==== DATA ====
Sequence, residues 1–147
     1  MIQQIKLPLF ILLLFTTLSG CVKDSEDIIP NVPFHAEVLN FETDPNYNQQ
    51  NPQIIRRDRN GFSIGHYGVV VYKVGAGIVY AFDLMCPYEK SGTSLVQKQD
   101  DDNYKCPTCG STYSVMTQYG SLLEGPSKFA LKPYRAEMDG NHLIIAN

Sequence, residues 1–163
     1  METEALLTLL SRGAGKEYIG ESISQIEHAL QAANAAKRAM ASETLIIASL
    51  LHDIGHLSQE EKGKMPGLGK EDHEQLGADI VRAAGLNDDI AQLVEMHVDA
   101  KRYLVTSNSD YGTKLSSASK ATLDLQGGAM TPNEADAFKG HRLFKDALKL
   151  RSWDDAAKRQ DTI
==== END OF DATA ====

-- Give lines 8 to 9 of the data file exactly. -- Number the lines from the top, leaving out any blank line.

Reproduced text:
   101  KRYLVTSNSD YGTKLSSASK ATLDLQGGAM TPNEADAFKG HRLFKDALKL
   151  RSWDDAAKRQ DTI